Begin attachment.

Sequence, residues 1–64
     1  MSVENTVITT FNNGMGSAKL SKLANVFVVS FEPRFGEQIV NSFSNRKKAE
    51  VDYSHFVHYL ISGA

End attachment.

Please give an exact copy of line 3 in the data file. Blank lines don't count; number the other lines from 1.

    51  VDYSHFVHYL ISGA